Physical activity or exercise may not be a priority for patients who experience depression or anxiety disorders. However, research shows that doing regular exercise can reduce symptoms of depression. Physical activity and sports are not the same things, but if performed, they both have benefits for physical and mental health.

  • Physical activity: activities that involve muscles and require energy, including doing homework, gardening, or walking. 
  • Sports (exercise): physical activities that involve the movement of limbs that are planned, structured and carried out repeatedly to improve or maintain physical health (physical fitness)
Benefits of Exercise for Depressed Patient

Benefits of Regular Exercise in Relieving Depression Symptoms

  • After exercising, the number of endorphins will increase. Endorphins are closely related to changes in mood (mood) toward a better and comfortable feeling (overall wellbeing).
  • Physical activity and sports can divert attention from things that are not pleasant and reduce excessive anxiety and negative thoughts. 
  • Exercise can help increase self-confidence. Creating targets and achieving these targets (even if only on a small scale) can improve confidence.
  • Exercising regularly also helps improve physical appearance, thereby helping patients feel better about their appearance. 
  • Physical activity or exercise can increase social interaction. Jogging casually in the compound of the house while greeting other people found along the way can improve mood.
  • Regular Exercising can improve sleep quality.

Ways To Start and Maintain Patient's Motivation

  • Find activities that the patient likes. Start with the easiest and cheapest activity to do. Do not force exercise in the gym if it is not according to the patient's circumstances.
  • Set realistic targets. Start with goals that are as easily achieved as can be started with mild physical activity. If it is achieved, the target can be increased slowly.
  • Based on meta-analysis research, exercise for 20 minutes/day, 3 times a week with moderate intensity in helping to reduce symptoms of depression.
  • Patients can start with a short duration (10 minutes) with a frequency of 3 times a week. Start with the easiest activities to do, such as walking.
  • Determine the most comfortable time for the patient to do physical activities or sports. For some people, they feel most excited after waking up in the morning, then doing physical activity or sports.
  • Help the patient not to see physical activity or sports as a task to be done but rather as part of the therapy as important as psychotherapy or medication.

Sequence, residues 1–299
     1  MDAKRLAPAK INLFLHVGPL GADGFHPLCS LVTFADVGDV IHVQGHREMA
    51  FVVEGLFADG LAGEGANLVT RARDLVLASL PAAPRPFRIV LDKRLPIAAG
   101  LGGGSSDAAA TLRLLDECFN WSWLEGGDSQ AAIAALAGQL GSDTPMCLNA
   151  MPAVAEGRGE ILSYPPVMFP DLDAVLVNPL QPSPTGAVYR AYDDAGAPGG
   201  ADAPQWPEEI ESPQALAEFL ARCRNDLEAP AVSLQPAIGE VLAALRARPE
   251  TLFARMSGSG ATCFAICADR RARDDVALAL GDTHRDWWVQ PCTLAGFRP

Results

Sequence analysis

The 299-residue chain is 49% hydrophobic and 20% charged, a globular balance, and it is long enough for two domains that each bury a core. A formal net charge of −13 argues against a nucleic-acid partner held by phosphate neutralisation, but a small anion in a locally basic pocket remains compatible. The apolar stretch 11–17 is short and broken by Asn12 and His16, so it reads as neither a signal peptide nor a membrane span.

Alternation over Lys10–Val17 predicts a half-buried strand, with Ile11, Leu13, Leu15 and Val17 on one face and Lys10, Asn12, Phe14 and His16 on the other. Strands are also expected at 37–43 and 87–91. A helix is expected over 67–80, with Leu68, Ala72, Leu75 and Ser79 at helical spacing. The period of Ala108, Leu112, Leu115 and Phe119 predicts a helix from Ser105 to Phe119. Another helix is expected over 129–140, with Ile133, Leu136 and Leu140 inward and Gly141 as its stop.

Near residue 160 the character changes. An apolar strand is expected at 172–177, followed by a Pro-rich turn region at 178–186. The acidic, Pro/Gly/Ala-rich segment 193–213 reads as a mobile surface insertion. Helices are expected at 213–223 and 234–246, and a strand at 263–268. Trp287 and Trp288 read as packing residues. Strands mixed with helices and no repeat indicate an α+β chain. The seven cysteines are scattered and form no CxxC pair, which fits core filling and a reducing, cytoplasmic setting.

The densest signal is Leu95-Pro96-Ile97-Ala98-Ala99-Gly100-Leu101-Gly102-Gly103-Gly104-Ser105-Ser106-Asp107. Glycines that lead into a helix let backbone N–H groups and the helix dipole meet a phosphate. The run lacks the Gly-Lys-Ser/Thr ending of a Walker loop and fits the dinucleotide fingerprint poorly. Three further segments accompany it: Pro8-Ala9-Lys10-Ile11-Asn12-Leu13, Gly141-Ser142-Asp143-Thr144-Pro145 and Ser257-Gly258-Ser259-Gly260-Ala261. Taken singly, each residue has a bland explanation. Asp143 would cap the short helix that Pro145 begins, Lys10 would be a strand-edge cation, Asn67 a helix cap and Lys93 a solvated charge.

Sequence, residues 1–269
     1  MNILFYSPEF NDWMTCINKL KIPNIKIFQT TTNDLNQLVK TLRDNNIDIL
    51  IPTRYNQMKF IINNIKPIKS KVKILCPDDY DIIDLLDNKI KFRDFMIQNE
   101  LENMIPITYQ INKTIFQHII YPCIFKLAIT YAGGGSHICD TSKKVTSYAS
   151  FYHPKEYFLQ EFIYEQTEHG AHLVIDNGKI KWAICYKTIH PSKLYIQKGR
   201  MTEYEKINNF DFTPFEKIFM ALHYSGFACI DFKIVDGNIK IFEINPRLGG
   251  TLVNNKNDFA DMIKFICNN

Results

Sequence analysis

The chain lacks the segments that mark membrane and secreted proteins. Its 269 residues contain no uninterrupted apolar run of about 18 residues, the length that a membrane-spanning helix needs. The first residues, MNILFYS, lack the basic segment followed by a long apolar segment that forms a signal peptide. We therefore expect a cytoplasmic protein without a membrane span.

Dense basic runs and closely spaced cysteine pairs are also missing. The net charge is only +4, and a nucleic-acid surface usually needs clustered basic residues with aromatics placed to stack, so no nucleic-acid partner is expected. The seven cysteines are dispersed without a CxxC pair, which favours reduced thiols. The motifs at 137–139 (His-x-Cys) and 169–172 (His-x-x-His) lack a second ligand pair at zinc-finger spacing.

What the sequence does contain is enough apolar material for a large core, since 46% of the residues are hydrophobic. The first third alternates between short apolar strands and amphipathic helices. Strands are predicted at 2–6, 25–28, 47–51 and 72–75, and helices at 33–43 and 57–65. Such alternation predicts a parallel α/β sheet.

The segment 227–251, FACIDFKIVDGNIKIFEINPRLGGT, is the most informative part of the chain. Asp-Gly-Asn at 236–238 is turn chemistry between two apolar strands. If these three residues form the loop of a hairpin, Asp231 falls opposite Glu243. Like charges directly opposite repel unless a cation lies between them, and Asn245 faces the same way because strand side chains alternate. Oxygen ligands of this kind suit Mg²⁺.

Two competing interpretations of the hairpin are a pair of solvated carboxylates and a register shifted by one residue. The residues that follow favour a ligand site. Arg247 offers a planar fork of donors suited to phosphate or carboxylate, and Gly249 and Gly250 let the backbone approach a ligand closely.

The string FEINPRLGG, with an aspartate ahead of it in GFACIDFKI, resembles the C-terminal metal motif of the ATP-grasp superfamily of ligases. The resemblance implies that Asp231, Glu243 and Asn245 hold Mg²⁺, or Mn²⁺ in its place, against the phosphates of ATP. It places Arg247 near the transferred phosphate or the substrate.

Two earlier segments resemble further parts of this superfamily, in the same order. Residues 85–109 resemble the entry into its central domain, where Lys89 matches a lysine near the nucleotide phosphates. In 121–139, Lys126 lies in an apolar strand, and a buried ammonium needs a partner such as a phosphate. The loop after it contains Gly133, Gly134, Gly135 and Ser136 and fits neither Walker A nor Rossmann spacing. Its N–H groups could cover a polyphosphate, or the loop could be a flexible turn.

• Find obstacles that prevent patients from physical activity or exercise. If the patient does not feel comfortable with his appearance, the patient can exercise at home.
  • If the patient needs motivation, the patient can exercise with friends who have the same interests. If the patient does not want to pay for sports or buy sports equipment, activities can be designed that do not require expensive costs such as jogging.
  • Advise patients to evaluate their physical activity targets or sports targets by making exercise logs.
  • Help the patient prepare to face obstacles. Give appreciation to patient's efforts in physical activities.  There will be a day when the patient feels unable to exercise. Motivate patients to keep trying.

Theories that support the association between exercise and the reduction in depressive symptoms

Thermogenic Hypothesis
Exercise increases body temperature, including brain temperature. Increasing temperature in specific parts of the brain, such as the brain stem, will produce a sense of relaxation and reduce muscle tension. The theory put forward by DeVries was further tested by several studies but found only the effects of exercise on anxiety, not depression.

The Endorphine Hypothesis
Endorphins are associated with good mood and comfort. After exercising, there is an increase in plasma endorphin levels. However, there is still debate about whether plasma endorphins reflect endorphin activity in the brain. Some studies say that plasma endorphins still have an association with mood changes (mood) for the better.  Even though plasma endorphins do not reflect endorphin activity in the brain.

Monoamine Hypothesis
This theory states that exercise can increase the number of neurotransmitters, such as serotonin, dopamine, and norepinephrine. These neurotransmitters are reduced in depressed people. After exercise, there is increasing neurotransmitters in urine and plasma.  However, increasing neurotransmitters in the brain are still unknown. 

In animal studies, exercise can increase the amount of serotonin and norepinephrine in various parts of the brain. Need further research on the human brain.

Distraction Hypothesis
Exercise can serve as a distraction for patients who are depressed. When exercising, the patient will focus on physical activities so that it can divert the patient's attention from negative thoughts or excessive anxiety.

In general, exercise shows a more significant positive impact on depressive symptoms and more helps patients to control their moods. 

Self Efficacy Hypothesis
Patients experiencing depression often feel unable to control their moods and do their daily activities usually. They often feel powerless to achieve their activity targets as they think their depressive episodes will hamper them.

Exercise can help patients experiencing depression by giving a feeling of being able to reach their targets.

Start Exercise with the simplest, which is frequency and intensity adjusted to the patient's condition. When patients can reach the target of exercise, patients will feel they have the ability to manage their activities and overcome their depressive episodes.

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